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The Hindu Kush Himalaya region

Nature is changing rapidly in the Hindu Kush Himalaya

Glaciers in the Hindu Kush Himalaya region are melting, permafrost is thawing and water availability in river basins is becoming unpredictable, a landmark report confirms. This poses a threat to more than 1.8 billion people living in the mountains and downstream.
Vast amounts of ice and snow are melting in the Hindu Kush Himalaya region. ICIMOD Kathmandu Vast amounts of ice and snow are melting in the Hindu Kush Himalaya region.

The Hindu Kush Himalaya (HKH) region is also known as the “Third Pole” because it contains the largest volume of ice outside the polar regions. It covers more than 4.2 million square kilometres and is home to all of the world’s peaks above 7000 metres. It spans 3,500 kilometres across Afghanistan, Bangladesh, Bhutan, China, India, Myanmar, Nepal and Pakistan.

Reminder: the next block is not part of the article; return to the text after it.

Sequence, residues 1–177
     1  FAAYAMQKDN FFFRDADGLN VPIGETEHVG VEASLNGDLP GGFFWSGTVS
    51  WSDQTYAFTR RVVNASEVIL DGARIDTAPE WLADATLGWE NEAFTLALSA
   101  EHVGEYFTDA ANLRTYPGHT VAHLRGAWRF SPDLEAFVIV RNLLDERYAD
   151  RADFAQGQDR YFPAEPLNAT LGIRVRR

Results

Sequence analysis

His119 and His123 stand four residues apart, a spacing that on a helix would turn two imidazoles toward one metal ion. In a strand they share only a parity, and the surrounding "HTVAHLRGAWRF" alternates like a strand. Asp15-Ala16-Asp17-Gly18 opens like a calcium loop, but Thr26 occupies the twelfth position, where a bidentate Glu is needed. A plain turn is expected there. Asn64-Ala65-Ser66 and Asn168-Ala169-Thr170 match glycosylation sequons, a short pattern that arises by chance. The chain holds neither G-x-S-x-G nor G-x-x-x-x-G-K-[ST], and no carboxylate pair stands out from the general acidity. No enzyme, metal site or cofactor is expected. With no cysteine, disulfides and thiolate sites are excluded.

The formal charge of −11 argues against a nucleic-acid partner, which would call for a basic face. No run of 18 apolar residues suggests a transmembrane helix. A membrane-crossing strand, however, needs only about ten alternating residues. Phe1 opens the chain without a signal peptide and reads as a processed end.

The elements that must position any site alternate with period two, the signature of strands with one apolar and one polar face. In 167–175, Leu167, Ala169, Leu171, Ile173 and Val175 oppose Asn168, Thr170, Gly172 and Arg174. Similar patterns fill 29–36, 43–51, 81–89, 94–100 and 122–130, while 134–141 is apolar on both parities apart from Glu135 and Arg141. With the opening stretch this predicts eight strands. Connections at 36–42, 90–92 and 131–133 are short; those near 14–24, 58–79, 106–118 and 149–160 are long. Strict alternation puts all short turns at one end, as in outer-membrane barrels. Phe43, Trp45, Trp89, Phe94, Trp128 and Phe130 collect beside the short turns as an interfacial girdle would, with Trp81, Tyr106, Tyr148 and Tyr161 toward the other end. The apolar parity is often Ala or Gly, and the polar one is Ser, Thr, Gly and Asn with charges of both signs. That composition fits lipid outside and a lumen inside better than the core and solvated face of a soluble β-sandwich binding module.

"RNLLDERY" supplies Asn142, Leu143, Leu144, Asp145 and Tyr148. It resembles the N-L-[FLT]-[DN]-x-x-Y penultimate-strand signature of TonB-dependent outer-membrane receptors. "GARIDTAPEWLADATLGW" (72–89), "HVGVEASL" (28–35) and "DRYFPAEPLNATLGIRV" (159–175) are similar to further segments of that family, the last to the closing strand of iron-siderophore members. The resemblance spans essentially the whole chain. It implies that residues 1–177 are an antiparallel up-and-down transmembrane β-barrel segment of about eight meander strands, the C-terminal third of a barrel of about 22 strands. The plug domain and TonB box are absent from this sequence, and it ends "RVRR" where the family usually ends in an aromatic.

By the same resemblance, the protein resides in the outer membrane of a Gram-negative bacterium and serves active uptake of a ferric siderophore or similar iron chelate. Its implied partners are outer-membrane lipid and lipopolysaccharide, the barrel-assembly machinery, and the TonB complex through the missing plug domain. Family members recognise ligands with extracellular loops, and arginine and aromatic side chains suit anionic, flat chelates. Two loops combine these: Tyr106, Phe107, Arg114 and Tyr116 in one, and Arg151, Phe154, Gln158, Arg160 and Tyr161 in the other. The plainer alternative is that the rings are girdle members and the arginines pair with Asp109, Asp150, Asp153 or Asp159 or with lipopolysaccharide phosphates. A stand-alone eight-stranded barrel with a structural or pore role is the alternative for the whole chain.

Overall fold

Glaciers and snow from the HKH feed into 12 river basins, including 10 major transboundary rivers. They flow through 16 countries in Asia and provide freshwater services to about 240 million people in the HKH region and about 1.65 billion people downstream.

The cryosphere is the frozen part of the Earth. It contains snow, glaciers, permafrost and glacial lakes. Up to 60 % of the HKH region features seasonal cryosphere, and it is transforming in various ways, according to a report by the International Centre for Integrated Mountain Development (ICIMOD). ICIMOD is an intergovernmental organisation headquartered in Kathmandu, Nepal, with presence across the HKH member countries as listed above.